The union said the figures meant the NHS faced a future without hundreds of senior skilled hospital doctors who were intending to leave the health service years before they would be expected to.
A survey was carried out by the BMA between November and December of last year with responses from 4,089 hospital consultants.
Results showed that 60% of consultant doctors were intending to retire from the NHS before or at the age of 60.
The top two reasons given for their desire to retire early were the need for a better work-life balance and concerns around the impact of current pension legislation.
Fewer than 7% said they expected to remain working in the NHS after the age of 65 while more than a third of all respondents expected to reduce the number of days they worked in the NHS by up to 50%.
Around a fifth (18%) of consultants were in the process of planning to reduce their working time even further, including a complete withdrawal from service.
More than 40% said they were less likely, or had already given up taking part in work initiatives to reduce waiting lists.
The BMA said the implications of such a significant loss of skilled and specialist clinicians both on the junior staff they taught and the patients they cared for was potentially disastrous for the health service.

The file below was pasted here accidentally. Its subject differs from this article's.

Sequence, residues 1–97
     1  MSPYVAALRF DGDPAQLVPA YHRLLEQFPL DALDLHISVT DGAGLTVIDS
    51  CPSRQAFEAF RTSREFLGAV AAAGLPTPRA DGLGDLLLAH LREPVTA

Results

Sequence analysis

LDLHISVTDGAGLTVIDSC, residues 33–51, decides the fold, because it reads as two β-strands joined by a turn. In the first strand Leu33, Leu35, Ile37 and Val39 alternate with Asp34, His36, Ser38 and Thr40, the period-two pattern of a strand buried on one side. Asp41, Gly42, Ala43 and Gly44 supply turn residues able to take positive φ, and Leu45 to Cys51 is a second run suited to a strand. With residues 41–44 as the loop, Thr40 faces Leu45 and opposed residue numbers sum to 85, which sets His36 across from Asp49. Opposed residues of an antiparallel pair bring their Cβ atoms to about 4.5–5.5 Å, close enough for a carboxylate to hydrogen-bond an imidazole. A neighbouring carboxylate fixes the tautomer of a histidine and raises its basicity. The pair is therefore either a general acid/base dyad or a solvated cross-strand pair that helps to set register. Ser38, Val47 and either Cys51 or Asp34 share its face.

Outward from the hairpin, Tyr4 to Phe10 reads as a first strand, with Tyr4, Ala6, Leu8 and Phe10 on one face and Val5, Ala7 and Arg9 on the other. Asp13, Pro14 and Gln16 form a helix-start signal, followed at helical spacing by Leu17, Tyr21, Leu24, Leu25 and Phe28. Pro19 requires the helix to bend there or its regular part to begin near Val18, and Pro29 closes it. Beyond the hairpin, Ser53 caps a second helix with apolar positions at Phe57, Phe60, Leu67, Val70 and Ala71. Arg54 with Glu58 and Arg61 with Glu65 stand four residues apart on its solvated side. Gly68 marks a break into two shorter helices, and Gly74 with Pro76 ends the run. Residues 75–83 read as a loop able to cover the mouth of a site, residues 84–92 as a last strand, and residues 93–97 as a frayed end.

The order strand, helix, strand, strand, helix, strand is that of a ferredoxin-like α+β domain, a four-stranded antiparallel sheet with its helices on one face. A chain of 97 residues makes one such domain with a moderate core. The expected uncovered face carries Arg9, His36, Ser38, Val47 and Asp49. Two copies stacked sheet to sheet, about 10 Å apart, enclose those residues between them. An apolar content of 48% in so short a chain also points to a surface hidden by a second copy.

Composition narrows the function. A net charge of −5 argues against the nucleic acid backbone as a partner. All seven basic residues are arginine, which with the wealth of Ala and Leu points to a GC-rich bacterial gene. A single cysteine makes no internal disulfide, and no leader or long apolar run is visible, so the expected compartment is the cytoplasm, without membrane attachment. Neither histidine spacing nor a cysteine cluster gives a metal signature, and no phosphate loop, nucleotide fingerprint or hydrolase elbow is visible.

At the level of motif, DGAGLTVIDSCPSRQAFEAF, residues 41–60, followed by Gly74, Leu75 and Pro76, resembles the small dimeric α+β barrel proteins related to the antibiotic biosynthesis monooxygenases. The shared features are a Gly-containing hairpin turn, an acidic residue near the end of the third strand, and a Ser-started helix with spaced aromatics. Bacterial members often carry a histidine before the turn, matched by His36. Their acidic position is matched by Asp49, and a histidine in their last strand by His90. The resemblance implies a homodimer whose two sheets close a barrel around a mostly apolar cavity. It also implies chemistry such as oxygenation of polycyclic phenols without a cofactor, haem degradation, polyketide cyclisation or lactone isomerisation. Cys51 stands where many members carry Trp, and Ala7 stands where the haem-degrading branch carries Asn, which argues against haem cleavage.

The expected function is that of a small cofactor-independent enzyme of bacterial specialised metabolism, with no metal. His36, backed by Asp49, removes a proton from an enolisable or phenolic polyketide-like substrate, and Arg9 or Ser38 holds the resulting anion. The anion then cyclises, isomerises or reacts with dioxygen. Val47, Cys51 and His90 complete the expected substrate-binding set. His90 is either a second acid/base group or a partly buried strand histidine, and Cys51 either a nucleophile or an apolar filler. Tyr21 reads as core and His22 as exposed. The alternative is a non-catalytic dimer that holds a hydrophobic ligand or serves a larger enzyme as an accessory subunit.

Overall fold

This cast doubt on the many promises made in the government’s NHS Long-Term Plan published earlier this week such as:
- access to personalised care for early stage cancer sufferers
- the prevention of up to 150,000 heart attacks, stroke and dementia cases
- a 24/7 community-based mental health crisis response for adults and older adults available across England by 2020-21
- specific waiting time targets for emergency mental health services.
“I struggle to understand how the health and social care secretary can talk about increasing productivity in hospital care, while allowing the NHS to be a system which perversely encourages its most experienced doctors to do less work and, in some cases, to leave when they do not want to.
“This is happening against the backdrop of the derisory new pay settlement for consultants in England – an average weekly uplift of just £6.10 after tax - at a time when they have lost over 24% of take-home pay in the last decade.”